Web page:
VCSE organisations supporting people living with SMI to improve their physical health

This case study is an example of the collaborative work taking place to deliver physical health support services for people living with severe mental illness (SMI). It is one of a collection of case studies that support our guidance for integrated care systems on Improving the physical health of people living with severe mental illness, published in January 2024.

Organisations: North East London ICS, City and Hackney Psychological Therapies and Wellbeing Alliance, and Core Arts and Sport.

Core Sport offers a wide range of physical and heath-based activities and one-to-one support tailored to the needs of people with severe mental illness (SMI).

Aim and rationale

A voluntary, community and social enterprise (VCSE) called Core Sport was commissioned to work with clients with severe mental illness to tackle the physical health inequalities they experience. The programme particularly aims to reach individuals who may find it difficult to engage with their physical and mental health through usual routes such as their GP.

Development and implementation

  • The Patients Know Best platform had been introduced in City and Hackney following feedback that patients found it difficult to access care plans. These plans were felt to be one-off assessments which were not reviewed or shared between services. The platform allows patients to access all their patient data and share the data with relevant services.
  • When primary care conducts an SMI physical health check and enters data onto EMIS, this data flows directly onto the platform. At this point a primary care clinician can also refer someone (using a direct referral form on EMIS) to Core Sport for physical and heath-based activities.
  • The patient can choose to share their Patients Know Best record with Core Sport, and information about activities undertaken with Core Sport can be recorded on their record which can be accessed by primary care and any other services they have shared access with.
  • The Core Sport team can deliver SMI physical health checks for those who struggle to access a GP or feel more comfortable with the Core Sport team. Point of care testing is used and data is sent to GP surgeries to be uploaded into EMIS.
  • Those referred to Core Sport for physical and heath-based activities are also offered a Fitbit and support to set up the device and link it to their Patients Know Best account. Blood pressure monitors are also offered to those who have high blood pressure or wish to monitor this at home.

Overcoming challenges

  • There was concern when the Core Sport programme started that there might be too few referrals from primary care (and a referral from primary care is a programme requirement to encourage engagement with these services). The programme produced leaflets about Core Sport, which those living with SMI can take to their GP and ask for a referral. This bottom-up approach has engaged primary care, and created a virtuous circle with people engaging more with their GP and with physical activity.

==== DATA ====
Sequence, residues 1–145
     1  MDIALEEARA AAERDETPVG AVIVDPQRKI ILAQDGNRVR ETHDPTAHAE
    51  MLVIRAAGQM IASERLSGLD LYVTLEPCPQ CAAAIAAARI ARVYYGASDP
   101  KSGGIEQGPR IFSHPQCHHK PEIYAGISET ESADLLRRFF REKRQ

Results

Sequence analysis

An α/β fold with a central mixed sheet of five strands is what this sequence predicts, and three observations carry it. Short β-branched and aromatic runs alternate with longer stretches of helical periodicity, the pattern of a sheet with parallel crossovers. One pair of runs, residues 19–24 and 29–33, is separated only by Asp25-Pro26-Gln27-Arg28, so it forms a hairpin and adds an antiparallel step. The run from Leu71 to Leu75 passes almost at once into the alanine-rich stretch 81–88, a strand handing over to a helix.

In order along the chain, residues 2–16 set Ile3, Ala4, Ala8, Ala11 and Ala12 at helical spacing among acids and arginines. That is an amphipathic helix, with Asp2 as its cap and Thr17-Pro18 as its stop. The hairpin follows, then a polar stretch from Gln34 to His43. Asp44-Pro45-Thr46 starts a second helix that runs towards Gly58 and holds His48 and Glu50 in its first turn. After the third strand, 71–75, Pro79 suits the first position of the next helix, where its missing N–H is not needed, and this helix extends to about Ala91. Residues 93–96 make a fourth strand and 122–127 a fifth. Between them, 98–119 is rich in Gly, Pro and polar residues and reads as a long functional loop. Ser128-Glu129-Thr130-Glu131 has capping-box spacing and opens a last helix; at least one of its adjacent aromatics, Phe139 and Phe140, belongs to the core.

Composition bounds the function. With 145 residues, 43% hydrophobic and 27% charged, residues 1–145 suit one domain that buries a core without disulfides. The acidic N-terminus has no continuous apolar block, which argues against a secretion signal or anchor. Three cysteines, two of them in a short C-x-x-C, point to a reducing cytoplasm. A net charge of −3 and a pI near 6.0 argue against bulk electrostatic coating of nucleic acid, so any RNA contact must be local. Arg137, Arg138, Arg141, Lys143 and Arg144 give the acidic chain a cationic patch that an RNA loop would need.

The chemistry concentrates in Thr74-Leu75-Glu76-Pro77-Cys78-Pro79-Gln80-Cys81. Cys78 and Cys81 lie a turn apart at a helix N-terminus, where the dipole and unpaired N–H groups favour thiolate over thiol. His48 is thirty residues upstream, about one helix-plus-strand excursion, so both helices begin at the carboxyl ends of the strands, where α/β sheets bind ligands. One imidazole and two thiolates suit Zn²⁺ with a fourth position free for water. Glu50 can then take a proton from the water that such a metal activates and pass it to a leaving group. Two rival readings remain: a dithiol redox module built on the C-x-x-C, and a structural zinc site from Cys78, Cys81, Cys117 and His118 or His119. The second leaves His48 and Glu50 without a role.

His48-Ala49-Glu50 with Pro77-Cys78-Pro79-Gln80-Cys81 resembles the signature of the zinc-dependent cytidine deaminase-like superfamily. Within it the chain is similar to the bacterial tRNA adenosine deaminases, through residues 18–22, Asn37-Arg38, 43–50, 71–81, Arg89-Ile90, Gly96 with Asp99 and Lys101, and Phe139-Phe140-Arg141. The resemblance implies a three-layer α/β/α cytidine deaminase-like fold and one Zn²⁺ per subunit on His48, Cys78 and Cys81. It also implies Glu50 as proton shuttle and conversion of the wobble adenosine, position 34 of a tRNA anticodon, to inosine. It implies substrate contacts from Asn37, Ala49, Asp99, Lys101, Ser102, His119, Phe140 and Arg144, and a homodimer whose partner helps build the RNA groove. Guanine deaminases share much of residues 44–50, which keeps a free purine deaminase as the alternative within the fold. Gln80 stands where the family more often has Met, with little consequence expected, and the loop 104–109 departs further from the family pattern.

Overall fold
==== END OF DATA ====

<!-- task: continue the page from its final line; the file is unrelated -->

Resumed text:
• As the Patients Know Best platform is a digital app, digital exclusion was a concern. Core Sport provides support for people to develop their digital literacy.
  • It took time to train VCSE staff in performing blood tests in a non-clinical environment, and to develop people’s comfort in tests being undertaken in this way.


The Core Sport programme has successfully engaged its target audience; 46% of members are Black men and ~70% are people from Black, Asian and minority ethnic communities.

In 2022/23, the Core Sport programme:

  • delivered 94 physical health checks, with 18 people supported to have a further health check with their GP based on the results
  • engaged 134 new people with the programme
  • supported 55 people to reduce their blood pressure, with 35 achieving a reduction
  • supported 59 people with smoking cessation
  • supported 31 people to achieve a healthy BMI.


  • Co-produce services with users to understand their barriers to physical activity and other heath-based activities, and to design activities that appeal to and work for your local populations.
  • Find creative ways to increase people’s activity that are tailored to their interests and not badged as ‘exercise’, such as gardening; and offer a wide range of activities (from high aerobic such as circuits to stretch and relaxation sessions) and encourage people to explore the full range.
  • Provide positive examples of people’s successes, build social elements into the programme and support peers to start running their own physical activity sessions.
  • Provide flexibility so people can drop into sessions, depending on their fluctuating mental health needs.


Emily Cubitt, Operational Lead, Core Arts, or

Breda Spillane, City and Hackney Psychological Therapies & Wellbeing Alliance,